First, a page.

Civil-military relationships constitute a crucial element in the transition to substantive democracy all over the world. During periods of authoritarianism or civil war, the military in Latin America has historically speaking been responsible for extensive violations of human rights and humanitarian law. Since the reintroduction of democracy in the region in the 1980s and 1990s, the military has gradually been brought back under civilian rule. The balance of power between military and civil political actors has shifted. But what is the relationship between the military and civilian governments today? Has the military regained its role as a protector of national borders, and lives a life isolated from the rest of society? Does it participate actively in combatting violence through the use of i.e. military police? Or does it continue to exercise violence against the citizens it is meant to protect?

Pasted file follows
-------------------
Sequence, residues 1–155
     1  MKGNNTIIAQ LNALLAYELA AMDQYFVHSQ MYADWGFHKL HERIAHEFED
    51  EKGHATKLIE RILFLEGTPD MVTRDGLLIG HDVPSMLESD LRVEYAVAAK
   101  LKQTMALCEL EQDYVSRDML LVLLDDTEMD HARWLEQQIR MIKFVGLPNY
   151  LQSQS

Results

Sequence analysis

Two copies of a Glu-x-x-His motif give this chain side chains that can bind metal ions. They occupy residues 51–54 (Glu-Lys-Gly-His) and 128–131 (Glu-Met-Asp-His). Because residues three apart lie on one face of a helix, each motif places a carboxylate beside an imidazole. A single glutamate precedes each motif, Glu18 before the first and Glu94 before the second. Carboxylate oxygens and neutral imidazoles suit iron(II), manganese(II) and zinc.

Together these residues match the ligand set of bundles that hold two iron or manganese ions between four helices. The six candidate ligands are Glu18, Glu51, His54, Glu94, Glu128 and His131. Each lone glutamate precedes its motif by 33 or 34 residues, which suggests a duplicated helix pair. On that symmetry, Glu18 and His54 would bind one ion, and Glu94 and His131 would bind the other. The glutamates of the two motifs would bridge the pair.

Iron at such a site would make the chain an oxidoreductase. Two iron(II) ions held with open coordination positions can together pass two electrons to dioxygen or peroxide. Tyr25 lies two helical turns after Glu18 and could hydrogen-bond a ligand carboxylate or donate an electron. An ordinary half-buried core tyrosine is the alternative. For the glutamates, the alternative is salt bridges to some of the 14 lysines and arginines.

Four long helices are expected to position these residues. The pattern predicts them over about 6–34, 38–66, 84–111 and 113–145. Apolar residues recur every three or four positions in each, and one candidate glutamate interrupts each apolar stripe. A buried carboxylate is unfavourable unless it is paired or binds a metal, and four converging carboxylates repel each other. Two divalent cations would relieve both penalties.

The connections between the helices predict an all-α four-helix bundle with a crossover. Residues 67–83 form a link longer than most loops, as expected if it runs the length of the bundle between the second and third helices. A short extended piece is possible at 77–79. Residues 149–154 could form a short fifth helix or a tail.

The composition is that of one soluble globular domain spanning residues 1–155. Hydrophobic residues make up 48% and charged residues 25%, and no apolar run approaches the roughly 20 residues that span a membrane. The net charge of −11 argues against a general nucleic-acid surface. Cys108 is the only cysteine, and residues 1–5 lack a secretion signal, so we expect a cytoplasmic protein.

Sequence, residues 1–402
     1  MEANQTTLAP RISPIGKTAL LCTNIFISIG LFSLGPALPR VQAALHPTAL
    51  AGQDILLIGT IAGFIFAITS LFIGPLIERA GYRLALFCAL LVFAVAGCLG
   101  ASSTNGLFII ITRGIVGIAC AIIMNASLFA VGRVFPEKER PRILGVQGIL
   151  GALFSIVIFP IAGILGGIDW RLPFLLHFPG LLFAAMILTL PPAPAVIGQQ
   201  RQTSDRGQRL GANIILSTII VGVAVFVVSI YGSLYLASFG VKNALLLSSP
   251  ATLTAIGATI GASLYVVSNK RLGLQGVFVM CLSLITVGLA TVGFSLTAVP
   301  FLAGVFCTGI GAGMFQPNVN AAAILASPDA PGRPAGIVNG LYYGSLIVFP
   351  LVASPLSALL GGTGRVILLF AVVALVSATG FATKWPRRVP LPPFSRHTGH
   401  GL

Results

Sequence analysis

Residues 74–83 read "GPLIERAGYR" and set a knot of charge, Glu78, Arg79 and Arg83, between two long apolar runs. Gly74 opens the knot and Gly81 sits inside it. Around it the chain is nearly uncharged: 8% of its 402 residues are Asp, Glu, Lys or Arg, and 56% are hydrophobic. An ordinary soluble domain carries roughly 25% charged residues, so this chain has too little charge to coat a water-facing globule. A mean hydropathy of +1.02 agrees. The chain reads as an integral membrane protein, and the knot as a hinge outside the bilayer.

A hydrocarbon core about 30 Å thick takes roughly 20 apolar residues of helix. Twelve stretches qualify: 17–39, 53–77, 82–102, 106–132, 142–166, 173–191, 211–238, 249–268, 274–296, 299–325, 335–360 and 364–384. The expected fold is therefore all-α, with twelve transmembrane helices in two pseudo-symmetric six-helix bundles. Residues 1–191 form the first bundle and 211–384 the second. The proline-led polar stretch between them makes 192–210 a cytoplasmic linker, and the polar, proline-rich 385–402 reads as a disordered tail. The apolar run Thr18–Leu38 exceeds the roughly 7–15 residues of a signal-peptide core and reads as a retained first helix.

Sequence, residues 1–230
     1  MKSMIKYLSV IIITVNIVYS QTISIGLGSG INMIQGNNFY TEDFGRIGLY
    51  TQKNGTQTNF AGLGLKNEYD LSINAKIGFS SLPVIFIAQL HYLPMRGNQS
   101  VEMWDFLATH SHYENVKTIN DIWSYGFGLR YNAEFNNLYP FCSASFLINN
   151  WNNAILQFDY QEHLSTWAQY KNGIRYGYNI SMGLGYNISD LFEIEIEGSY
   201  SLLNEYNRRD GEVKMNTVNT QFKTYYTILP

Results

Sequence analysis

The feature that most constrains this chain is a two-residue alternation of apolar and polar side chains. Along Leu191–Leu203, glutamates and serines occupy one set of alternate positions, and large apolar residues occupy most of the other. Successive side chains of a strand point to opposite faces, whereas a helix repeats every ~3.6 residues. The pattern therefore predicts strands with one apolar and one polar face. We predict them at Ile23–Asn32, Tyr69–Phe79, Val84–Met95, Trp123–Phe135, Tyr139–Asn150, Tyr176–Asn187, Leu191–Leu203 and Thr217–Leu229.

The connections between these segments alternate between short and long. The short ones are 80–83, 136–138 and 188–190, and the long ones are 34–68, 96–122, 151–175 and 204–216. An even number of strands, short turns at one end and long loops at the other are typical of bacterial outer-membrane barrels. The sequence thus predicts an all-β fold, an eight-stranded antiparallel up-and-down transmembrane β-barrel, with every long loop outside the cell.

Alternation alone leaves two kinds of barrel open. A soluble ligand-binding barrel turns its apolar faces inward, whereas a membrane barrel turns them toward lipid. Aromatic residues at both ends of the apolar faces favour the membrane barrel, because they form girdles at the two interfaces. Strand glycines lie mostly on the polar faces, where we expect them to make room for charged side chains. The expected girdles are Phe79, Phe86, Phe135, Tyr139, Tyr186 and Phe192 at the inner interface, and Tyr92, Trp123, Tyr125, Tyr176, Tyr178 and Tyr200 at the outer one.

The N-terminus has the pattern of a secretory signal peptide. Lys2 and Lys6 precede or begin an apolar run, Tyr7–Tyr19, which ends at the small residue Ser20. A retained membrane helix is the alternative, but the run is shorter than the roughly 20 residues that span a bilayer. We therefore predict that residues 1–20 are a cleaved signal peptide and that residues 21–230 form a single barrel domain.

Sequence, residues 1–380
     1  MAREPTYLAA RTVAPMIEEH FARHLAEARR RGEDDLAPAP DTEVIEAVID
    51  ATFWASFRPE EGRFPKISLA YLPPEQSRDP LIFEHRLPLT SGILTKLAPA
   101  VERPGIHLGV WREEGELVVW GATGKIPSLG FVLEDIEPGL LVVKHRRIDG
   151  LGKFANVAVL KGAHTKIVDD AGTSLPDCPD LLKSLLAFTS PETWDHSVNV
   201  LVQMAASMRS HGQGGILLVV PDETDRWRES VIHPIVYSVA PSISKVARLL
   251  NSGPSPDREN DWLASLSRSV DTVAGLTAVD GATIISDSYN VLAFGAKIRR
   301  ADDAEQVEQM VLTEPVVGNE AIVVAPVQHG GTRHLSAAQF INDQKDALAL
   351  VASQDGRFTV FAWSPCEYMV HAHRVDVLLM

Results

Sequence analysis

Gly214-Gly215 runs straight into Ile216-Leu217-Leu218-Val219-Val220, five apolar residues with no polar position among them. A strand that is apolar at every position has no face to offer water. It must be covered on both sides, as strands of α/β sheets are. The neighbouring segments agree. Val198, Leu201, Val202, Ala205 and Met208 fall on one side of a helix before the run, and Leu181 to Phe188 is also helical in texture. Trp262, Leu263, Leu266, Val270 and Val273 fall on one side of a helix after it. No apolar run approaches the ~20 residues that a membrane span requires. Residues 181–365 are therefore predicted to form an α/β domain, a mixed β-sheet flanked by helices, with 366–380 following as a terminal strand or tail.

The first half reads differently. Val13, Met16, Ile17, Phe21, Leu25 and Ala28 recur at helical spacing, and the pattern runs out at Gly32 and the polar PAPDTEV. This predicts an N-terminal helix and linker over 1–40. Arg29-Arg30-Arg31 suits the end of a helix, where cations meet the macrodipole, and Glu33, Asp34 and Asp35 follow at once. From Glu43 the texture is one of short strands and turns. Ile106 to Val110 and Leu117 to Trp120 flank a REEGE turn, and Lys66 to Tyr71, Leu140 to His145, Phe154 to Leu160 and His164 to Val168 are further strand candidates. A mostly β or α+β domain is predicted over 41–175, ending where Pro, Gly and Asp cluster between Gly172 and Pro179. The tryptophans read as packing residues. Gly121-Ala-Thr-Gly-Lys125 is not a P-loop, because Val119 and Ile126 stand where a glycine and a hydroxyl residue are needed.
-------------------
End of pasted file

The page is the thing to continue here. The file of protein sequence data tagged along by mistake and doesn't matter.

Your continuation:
Based on a review of the literature on civil-military relations in Latin America, this paper explores three main themes: (1) the military as a political actor; (2) the military as an economic actor; and (3) the military’s interaction with ordinary citizens.
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